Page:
The global dbprint() template functions are a procedural interface around PrintArray, used with a set of global functions for setting common formatting parameters shared by all subsequent dbprint() invocations. These are useful shorthand for ASCII output from source code, but more importantly they provide a means to set up nontemplate output functions callable interactively from within a debugger. This is helpful for debugging POOMA programs by examining values from Arrays and other containers.

The PrintArray Class

The typical way to use PrintArray is to construct a PrintArray object, then use its print() methods for sending formatted ASCII output of POOMA container data to a stream such as cout or an Inform object. The constructor accepts values for six formatting parameters, which are maintained as member data in the object.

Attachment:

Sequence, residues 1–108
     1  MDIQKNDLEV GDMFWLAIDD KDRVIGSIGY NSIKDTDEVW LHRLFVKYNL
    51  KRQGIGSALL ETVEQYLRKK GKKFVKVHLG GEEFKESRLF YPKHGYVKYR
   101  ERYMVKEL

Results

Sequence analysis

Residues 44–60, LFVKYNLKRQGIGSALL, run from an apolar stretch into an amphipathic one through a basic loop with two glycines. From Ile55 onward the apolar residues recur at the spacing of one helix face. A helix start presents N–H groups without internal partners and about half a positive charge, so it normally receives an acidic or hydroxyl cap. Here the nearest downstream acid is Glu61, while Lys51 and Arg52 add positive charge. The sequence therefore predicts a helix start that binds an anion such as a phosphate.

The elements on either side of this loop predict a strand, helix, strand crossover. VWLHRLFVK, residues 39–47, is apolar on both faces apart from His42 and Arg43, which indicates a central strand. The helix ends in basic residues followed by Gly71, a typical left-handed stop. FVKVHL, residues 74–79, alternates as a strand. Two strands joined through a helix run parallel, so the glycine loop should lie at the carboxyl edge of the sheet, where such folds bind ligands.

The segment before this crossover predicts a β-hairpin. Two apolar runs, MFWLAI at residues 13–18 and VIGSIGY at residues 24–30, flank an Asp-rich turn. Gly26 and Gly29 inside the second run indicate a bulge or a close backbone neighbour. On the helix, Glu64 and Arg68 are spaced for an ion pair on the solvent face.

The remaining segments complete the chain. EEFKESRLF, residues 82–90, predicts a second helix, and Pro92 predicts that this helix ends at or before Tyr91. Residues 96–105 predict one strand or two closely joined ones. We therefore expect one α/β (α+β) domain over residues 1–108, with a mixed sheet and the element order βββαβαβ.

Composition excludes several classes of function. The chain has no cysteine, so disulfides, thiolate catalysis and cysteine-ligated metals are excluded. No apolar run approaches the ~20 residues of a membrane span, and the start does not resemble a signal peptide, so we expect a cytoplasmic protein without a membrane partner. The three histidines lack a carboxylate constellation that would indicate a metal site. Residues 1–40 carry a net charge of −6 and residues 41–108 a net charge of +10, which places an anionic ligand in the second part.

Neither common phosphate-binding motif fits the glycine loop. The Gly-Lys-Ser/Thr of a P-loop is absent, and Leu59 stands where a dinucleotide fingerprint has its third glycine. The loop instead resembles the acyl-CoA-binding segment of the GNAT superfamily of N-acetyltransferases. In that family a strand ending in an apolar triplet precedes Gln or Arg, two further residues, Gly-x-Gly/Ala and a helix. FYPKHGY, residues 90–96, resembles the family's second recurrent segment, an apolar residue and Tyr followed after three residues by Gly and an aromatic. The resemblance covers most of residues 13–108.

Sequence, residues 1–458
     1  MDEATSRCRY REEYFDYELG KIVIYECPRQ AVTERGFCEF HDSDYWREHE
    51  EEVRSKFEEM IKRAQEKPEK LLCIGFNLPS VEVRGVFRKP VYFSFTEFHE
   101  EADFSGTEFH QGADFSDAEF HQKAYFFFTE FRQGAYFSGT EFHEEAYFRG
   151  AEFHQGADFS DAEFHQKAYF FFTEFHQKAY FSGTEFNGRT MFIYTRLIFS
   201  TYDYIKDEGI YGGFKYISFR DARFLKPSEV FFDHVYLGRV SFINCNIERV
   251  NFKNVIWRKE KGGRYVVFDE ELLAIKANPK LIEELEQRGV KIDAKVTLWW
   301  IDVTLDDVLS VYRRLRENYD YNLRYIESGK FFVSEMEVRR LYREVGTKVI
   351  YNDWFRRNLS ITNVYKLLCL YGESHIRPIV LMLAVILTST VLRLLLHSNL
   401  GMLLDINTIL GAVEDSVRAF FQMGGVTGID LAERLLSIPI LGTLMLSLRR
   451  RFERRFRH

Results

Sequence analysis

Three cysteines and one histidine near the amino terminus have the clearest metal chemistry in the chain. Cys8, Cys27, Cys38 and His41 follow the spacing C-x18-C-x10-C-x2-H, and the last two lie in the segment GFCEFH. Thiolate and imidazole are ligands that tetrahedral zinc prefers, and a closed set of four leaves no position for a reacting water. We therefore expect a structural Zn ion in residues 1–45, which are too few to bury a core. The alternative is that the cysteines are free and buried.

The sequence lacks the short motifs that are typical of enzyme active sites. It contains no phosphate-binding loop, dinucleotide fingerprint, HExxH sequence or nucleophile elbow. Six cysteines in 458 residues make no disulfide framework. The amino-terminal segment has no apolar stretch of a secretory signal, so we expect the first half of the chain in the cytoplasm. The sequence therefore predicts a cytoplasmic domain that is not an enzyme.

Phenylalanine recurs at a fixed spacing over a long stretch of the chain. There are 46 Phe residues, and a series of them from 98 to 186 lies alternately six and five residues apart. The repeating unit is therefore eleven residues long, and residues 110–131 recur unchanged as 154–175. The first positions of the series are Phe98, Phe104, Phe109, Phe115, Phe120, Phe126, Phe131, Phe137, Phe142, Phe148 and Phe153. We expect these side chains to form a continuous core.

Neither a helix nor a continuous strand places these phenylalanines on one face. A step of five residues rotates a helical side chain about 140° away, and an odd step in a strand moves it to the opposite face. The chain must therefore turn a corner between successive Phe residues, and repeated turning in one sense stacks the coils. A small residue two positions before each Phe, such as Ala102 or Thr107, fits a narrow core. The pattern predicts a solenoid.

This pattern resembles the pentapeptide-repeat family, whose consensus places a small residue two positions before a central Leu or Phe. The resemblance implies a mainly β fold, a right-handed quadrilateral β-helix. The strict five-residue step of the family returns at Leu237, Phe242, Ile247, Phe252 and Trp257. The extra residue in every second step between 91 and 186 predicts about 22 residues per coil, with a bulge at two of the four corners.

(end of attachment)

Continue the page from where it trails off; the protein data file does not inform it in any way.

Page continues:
PrintArray(int domainWidth = 3, int dataWidth =10, 
           int dataPrecision = 4, int carReturn = -1, 
           bool scientific = false, int spacing = 1);
It has methods to (re)set and get current values for these formatting parameters. The following lists the methods and describes the parameters:
setDomainWidth(), domainWidth() :
The output format includes (base:bound:stride,base:bound:stride) prefixes at the beginning of each row of values. This controls the number of columns (digits) to allow for each base, bound, or stride value.
setDataWidth(), dataWidth() :
Number of columns per numeric data item. For POOMA multicomponent types such as Vector and Tensor, this is columns per component.
setDataPrecision(), dataPrecision() :
If scientific is true, the number of digits past the decimal point; otherwise, the total number of significant digits.
setCarReturn(), carReturn() :
If less than 0, print all values in a row (first array index) on one line of output. If greater than 0, specifies the number of values to print before breaking the output with a carriage return.